Concluding that there's no real rush to say yes or no to the owners of Drafts Sports Bar & Grill, who are seeking a two-year tax abatement on their new business once it opens this summer, members of the Crookston City Council, at a Ways & Means Committee meeting this week, directed CHEDA and city staff to craft development policies that would cover existing and new business development as well as existing and new housing development.
They asked Crookston Housing & Economic Development Executive Director Craig Hoiseth and City Administrator Tony Chladek to have something prepared for the council's perusal by the end of June.
Brent and Jasmine Melsa asked the council for the abatement earlier this month. Their request has triggered a much larger discussion among council members and officials, with Mayor Dave Genereux first suggesting that maybe housing-related developments – beyond the abatement in the incentive package for new residential homes – that improve existing residential and rental properties be considered for potential abatements or other incentives when local property owners invest dollars in projects that benefit their neighborhoods and the community as a whole.
Some council members have also suggested that existing business owners who expand, remodel or otherwise improve their businesses be considered for a financial pat on the back from the city. The recent remodeling at IC Muggs and Best Buy Liquor, the opening earlier this month of RBJ's C-Town Cafe, and the current renovations underway at Crooks Club have been mentioned as examples.
"We need to view all of this as an economic development component that has some kind of formal protocol for it," Ward 1 Council Member Tom Jorgens said. "We've talked for years about things that are largely out of our control, like the gradual withering away of Local Government Aid. But this is something that we can do and control that grows our tax base, grows jobs and grows our community."
While some council members are concerned about having their hands tied by too many policies, it's been stressed from the beginning of the discussion that the council would have the flexibility to change any policy whenever it wanted. At Large Council Member Wayne Melbye suggested that whatever policies are crafted, the council should revisit them on yearly basis. He also endorsed CHEDA taking the lead on the process.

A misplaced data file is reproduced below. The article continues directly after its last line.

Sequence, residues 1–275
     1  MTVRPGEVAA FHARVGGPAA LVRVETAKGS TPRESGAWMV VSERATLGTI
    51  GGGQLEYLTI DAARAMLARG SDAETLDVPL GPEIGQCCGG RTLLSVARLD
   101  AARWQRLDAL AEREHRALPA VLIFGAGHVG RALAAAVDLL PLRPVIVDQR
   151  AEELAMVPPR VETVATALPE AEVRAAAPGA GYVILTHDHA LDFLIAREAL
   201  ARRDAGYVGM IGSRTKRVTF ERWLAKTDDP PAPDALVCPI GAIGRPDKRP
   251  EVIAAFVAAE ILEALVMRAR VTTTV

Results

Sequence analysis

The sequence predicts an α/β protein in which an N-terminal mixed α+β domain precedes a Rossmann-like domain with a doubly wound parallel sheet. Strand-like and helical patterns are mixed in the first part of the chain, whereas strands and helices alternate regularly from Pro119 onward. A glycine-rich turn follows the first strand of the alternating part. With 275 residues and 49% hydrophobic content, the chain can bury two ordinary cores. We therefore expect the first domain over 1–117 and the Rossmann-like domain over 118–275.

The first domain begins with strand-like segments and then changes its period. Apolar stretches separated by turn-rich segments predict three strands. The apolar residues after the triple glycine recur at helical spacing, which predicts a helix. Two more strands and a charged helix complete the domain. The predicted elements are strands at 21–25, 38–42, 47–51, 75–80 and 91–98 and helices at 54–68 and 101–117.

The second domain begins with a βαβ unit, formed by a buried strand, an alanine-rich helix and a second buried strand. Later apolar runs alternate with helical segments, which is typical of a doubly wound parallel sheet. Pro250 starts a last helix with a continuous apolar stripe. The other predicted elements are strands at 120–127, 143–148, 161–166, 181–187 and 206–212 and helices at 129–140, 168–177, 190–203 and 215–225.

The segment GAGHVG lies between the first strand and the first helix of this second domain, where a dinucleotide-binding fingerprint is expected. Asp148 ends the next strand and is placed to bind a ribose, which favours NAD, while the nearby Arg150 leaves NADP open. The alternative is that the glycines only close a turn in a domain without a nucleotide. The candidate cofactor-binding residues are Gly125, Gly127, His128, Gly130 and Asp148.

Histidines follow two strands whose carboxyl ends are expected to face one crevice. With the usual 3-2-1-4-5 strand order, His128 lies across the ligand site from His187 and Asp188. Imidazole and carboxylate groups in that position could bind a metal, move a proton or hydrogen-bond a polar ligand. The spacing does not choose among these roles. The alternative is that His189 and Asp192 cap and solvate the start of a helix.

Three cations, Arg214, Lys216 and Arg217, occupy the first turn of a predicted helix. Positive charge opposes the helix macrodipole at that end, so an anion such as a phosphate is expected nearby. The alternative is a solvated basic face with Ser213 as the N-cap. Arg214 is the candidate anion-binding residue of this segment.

"They know what can and cannot be done, legally and otherwise," Melbye said. "They know what carrots they can put out there, which ones are possible and which ones might actually entice something good getting done."
Ward 2 Council Member Dana Johnson asked that separate policies for housing and business be crafted.
A plug for Drafts, and some thoughts against
Page 2 of 2 - It's estimated that a two-year abatement for Drafts would total around $18,400. Since the Melsas first made their request, it's appeared that the council is somewhat split. One council member who’s been enthusiastically in favor is Hector Santellanes in ward four. This week, he reiterated his support and encouraged his colleagues to see things his way.
"They're hiring 30 to 40 employees, so it's not a small operation. It's an amenity, something the community has wanted for a long time, another dining option," Santellanes said. "It will bring people to the community and give local people another reason not to drive to Grand Forks. I feel we need to look past the short term and look at the longer term, when we're getting tax revenue we wouldn't have gotten otherwise from this business. It's an inexpensive way to support a local business. We need to be more appealing to business, not less appealing. The council needs to be united and set a precedent that we are a pro-business community. Not only for new businesses, but for businesses that want to expand."
Prior to the committee meeting, at the council meeting, Crookston resident Peter Rimar had some different views on the subject. Instead of granting a tax abatement to a new bar, he said some businesses, like the Grand Theatre and the Crookston Daily Times, should be given "cultural abatements" to help ensure that they will exist in the community for many years to come. Other downtown businesses could benefit from an abatement, too, Rimar said.
"You need some sort of plan, but an abatement for a new bar? That horse has left the barn," he told the council.